• allows for easy re-registration of horses with lost or destroyed registration papers;
  • does not disfigure the horse;
  • is compatible with other forms of ID such as tattoos, brands, or physical features;
  • is easy to use and inexpensive--$25 to $100 depending on your veterinarian and whether or not you purchase accessories, i.e., warning signs and/or a freeze brand denoting a horse is carrying EID.

EID opponents claim:

  • the various chips and scanners on the market are not interchangeable--EID manufacturers do not cooperate, thus there might be a duplication of numbers;
  • microchips can be implanted by anyone;
  • microchips are not permanent and can be removed;
  • no breed registration is needed to have a microchip implanted;
  • microchips can migrate in a horse's body;
  • the glass vial could break;
  • chips are not always readable;
  • infection at time of implantation is possible.

"This (EID) is a tremendous idea," claims Ralph Knowles, DVM, who was a member of the AAEP's former Horse Identification Committee and is a pioneer in EID research. "I have had 10 years of experience using it (EID), and there really haven't been any problems of consequence. It's invisible on the horse, and no more painful than a penicillin injection."

Formerly with the USDA, Knowles currently is acting as a consultant for Electronic ID. Amelita Donald, vice president of Electronic ID, claims her company has implanted more than three million animals with EID technology worldwide, including more than 50,000 horses. According to a brochure from the company, groups using or endorsing their technology include: the Louisiana Department of Agriculture, Bureau of Land Management, International Andalusian Association, Royal Canadian Mounted Police, Colorado State University, Italian Trotters Association, South African Stud Book, and Canadian Horse Breeders Association.

"ISO standards dictate how the chips are constructed and how many numbers need to be on them," Donald said. "The new readers will be able to read every microchip already in the field today, as well as maintain enough protocol to read other transponders that may be developed in the future."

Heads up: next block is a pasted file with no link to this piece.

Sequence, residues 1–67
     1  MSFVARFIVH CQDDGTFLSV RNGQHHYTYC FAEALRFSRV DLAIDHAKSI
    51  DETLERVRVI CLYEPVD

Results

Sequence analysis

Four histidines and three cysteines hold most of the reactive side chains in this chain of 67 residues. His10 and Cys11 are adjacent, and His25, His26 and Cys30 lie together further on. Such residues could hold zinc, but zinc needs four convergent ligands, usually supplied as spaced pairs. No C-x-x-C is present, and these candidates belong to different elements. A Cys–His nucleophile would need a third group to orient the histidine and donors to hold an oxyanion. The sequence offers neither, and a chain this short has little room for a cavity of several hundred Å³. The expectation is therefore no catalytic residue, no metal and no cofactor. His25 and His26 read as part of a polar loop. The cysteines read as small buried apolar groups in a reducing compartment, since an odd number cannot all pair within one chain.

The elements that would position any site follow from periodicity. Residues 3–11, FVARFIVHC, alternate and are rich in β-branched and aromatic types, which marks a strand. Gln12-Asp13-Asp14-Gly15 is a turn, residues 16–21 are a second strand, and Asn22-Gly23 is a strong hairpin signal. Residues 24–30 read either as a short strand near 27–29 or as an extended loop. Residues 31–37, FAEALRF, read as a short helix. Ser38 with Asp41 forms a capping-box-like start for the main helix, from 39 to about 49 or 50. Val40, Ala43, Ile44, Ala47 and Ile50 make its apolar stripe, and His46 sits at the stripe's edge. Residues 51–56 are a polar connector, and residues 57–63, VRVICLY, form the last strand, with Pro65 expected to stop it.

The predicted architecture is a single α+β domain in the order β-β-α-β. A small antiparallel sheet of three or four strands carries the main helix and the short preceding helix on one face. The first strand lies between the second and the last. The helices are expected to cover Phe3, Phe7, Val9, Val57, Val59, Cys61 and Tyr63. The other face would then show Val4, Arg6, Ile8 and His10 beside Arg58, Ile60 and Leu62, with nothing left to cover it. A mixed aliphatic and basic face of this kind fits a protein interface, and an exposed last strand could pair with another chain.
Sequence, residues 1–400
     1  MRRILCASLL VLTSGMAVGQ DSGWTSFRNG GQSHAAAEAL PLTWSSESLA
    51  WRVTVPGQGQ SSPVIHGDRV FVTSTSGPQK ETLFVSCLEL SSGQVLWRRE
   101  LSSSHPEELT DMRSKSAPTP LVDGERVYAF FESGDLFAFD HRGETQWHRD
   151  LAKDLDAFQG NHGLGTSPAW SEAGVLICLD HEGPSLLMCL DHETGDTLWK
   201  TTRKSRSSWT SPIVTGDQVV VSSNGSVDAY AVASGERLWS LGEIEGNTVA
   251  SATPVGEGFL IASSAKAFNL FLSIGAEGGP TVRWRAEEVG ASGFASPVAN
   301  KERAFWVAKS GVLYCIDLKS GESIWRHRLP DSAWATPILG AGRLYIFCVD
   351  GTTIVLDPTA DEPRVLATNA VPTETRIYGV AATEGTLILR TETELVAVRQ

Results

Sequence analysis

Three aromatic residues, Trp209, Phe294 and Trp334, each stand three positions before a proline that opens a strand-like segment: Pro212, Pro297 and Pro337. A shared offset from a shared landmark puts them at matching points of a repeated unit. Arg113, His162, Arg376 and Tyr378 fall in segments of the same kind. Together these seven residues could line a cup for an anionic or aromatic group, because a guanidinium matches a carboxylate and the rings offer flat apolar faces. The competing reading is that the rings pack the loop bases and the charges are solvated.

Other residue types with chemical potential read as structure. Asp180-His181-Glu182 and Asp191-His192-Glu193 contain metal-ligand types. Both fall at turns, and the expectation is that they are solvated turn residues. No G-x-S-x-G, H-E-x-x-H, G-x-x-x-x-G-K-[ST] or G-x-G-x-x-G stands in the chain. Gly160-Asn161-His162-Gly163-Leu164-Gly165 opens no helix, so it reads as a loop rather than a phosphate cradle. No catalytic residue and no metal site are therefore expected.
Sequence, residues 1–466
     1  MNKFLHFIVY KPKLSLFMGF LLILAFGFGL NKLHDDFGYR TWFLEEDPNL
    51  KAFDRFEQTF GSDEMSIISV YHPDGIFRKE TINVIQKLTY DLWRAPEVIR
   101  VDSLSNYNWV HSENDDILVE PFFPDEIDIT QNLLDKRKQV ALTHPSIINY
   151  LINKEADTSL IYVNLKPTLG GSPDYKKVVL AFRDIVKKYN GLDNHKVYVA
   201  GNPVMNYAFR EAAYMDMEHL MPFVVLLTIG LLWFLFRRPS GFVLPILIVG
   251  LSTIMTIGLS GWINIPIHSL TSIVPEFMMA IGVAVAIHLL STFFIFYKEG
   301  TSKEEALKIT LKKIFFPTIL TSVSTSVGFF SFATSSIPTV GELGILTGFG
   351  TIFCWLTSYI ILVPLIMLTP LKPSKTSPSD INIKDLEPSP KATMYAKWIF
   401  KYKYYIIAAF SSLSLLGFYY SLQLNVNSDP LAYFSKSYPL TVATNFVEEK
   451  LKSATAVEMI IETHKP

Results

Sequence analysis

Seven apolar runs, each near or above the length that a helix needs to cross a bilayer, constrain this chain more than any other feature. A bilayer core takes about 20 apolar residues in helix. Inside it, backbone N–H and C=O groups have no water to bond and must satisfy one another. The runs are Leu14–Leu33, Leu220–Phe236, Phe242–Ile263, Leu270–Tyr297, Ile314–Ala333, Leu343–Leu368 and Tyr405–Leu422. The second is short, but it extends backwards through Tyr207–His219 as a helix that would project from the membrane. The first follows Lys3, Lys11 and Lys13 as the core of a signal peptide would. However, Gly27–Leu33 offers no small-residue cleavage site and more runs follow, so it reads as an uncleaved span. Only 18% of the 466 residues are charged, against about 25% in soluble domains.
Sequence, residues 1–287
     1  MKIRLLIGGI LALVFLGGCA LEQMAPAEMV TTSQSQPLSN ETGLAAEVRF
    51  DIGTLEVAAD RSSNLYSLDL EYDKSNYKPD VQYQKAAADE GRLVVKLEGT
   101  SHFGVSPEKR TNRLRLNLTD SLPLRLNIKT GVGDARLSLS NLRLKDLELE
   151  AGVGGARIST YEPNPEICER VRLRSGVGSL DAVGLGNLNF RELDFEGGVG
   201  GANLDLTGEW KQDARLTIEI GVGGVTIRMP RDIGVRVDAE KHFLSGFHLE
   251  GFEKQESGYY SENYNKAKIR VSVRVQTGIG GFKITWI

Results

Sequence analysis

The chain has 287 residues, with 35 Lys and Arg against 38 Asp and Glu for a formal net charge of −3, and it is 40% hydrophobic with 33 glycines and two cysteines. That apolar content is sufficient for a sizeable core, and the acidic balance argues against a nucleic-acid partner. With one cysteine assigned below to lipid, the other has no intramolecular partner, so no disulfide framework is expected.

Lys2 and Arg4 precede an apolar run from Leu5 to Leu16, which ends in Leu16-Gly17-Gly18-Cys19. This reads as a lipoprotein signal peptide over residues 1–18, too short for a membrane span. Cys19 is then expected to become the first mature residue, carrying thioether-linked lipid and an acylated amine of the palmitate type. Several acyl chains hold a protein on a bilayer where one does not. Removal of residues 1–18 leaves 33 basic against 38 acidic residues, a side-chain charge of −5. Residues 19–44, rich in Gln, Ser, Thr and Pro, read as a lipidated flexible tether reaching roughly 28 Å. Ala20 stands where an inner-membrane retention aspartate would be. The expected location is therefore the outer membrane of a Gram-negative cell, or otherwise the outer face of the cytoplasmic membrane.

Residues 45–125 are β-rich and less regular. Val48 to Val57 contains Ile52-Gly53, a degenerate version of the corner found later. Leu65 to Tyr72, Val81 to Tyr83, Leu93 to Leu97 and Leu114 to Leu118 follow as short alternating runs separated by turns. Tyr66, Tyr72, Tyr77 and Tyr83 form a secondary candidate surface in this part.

Currently, if you pass a reader over an injection site with multiple chips, the reader might only pick up the number from one chip. When microchips are placed too close, the chips' radio frequencies can conflict and cancel out one number. ISO standards dictate that readers be able to read every transponder, no matter how close they are implanted.

While Donald, Knowles, and Cordes believe horse owners should be interested in the welfare of their horses, they concur that the concerns harbored by EID opponents are groundless. If EID companies adhere to ISO standards, the standards will eliminate duplicate numbering and technology incompatibility.

Call Your Veterinarian

To prevent just anyone implanting chips, EID manufacturers restrict the sales of transponders to veterinarians. In return, veterinarians are expected to scrutinize the identification of the horse being implanted and to keep accurate records of each implantation. Donald also claims chip numbers cannot be altered, and Knowles says the chip is very difficult to remove and would involve general anesthesia.

"The reason we chose the nuchal ligament as the implantation site is that it is very difficult to remove a chip from that area," Knowles said. "We knew that in the case of a high-profile Thoroughbred, there might be some motivation to remove a chip."

Although early testing revealed that chips can migrate, most transponder manufacturers have incorporated anti-migration technology into their chip design. Knowles said the anti-migration designs have been very effective in keeping transponders close to the original injection/implantation site. Knowles also added that it is impossible to change a chip's number once it is implanted in a horse. Numbers are laser-etched on the chip during the manufacturing process, and a reader only tells you what the number is. It is not capable of changing numbers. Donald claims that Destron-Fearing's system failure rate is less than 0.5% and is more often a reader failure than a chip failure.

Safe for Horses

Knowles, Donald, Cordes, and several studies researched for this article all concur that EID is safe for horses.

The transponders were found to be extremely biocompatible with the tissues of both adult horses and foals, stated a 1987 EID study where 69 horses were implanted with transponders. There were no clinical signs of inflammation at the implantation sites. The study, managed by Knowles, A. A. Gabel, DVM, MS, and Steven E. Weisbrode, VMD, PhD, also concluded that even if a vial is broken after being implanted, it poses no danger to a horse's health or fertility.

Lastly, the study stated that EID was superior to other forms of equine identification in that it was also tamper-proof and accurate. Those conducting the study noted that the speed and accuracy of identification using EID make it superior to other identification methods, such as reading lip tattoos or brands or comparing photographs with chestnuts.

Whatever minor concerns or complications EID might pose for horse and horseman, Cordes said the potential of EID far outweighs any negative aspects of the technology.

About the Author

Aleta Walther